The Swedish PM Stefan Lofven surprised the country on Sunday as he said he would resign in November.
He said he would do it before the September 2022 election to give the next in line the opportunity to improve the Social Democrats’ standing in the polls.
Lofven has been in power since 2014.
However, his two coalition governments with the Green Party have worsened.
This made him unable to form a majority in the Parliament.
The latest setback saw Lofven, a former welder and union leader, resign in June after losing a vote of no confidence.
The Parliament sent him back to the office in July when the Moderators’ opposition party failed to get support from the government.
“In next year’s election campaign, someone else will lead the Social Democrats,” the PM said.
“Everything has an end and I want to give my successor the very best conditions,” he added.
Lofven said he would resign in November at the party’s congress.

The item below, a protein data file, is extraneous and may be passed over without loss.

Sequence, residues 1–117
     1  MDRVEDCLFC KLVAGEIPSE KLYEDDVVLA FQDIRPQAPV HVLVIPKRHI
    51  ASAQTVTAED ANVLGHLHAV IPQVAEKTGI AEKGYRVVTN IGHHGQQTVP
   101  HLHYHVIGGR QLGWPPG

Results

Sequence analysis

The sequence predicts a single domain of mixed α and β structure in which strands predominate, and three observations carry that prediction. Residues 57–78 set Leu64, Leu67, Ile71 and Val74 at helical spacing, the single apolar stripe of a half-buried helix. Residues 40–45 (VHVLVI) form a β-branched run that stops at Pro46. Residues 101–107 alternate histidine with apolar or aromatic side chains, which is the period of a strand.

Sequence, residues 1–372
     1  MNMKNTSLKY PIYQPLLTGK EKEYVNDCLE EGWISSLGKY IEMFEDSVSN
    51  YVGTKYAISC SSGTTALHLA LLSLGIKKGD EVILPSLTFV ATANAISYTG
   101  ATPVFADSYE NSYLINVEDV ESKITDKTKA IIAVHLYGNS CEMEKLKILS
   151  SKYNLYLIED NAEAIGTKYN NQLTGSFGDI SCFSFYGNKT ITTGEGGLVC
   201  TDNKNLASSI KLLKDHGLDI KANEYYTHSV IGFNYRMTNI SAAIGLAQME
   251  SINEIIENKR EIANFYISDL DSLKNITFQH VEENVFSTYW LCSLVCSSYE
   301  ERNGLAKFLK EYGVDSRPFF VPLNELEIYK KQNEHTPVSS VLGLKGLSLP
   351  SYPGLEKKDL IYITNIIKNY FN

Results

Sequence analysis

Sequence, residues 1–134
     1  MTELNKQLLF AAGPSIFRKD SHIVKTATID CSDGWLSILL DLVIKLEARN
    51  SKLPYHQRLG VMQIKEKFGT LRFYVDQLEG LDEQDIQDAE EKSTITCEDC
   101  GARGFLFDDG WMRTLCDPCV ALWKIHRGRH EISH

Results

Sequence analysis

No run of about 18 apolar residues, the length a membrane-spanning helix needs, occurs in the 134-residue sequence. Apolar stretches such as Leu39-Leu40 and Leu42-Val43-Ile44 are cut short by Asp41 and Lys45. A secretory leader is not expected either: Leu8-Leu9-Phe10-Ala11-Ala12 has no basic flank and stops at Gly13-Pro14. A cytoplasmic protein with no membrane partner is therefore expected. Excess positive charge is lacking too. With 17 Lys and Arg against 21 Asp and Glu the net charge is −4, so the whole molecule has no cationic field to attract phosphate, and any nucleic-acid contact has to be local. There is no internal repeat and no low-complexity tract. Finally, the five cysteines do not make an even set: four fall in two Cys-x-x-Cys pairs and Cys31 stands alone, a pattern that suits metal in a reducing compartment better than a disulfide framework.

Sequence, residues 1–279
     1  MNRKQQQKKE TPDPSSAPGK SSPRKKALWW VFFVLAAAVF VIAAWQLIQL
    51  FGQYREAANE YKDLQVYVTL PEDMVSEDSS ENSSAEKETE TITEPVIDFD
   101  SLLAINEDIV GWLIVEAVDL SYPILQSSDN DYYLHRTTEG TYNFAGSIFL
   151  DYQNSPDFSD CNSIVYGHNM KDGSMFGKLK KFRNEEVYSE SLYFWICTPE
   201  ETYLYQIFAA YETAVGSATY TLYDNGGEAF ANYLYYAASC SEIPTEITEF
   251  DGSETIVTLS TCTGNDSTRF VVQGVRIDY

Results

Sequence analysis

The government might not hold much longer, as it does not have enough backing to pass the autumn’s budget.
Lofven’s possible successors
The possibly next in line after Lofven include the current Finance Minister Magdalena Andersson and Jenny Madestem.
Madestam said Energy Minister Anders Ygeman, Justice Minister Morgan Johansson, Enterprise Minister Ibrahim Baylan, or Health Minister Lena Hallengren could also be successors.
“Hallengren is less associated with the right or left of the party,” Madestam said.
“She has proven to be an extremely skilled political leader during the Corona pandemic,” Madestem added.
Lofven’s Social Democrats have been in power for years.
However, their support has gradually diminished, just like the left-of-center parties all over Europe.
Additionally, the Swedish Democrats’ rising has made it nearly impossible to form a majority government.
The ‘Sweden Democrats’ is a populist anti-immigration party.
Lofven led the Social Democrats in 2012 when they had the least support ever.
He managed to bring them back to power eight years after a center-right rule.
Lofven got a second term in 2018.
However, it was only when two center-right parties changed sides.
This left him between a rock and a hard place with the left party, whose backing he has needed.
The next in line is likely to have the same dilemma, as polls show the left and right blocs are still motionless.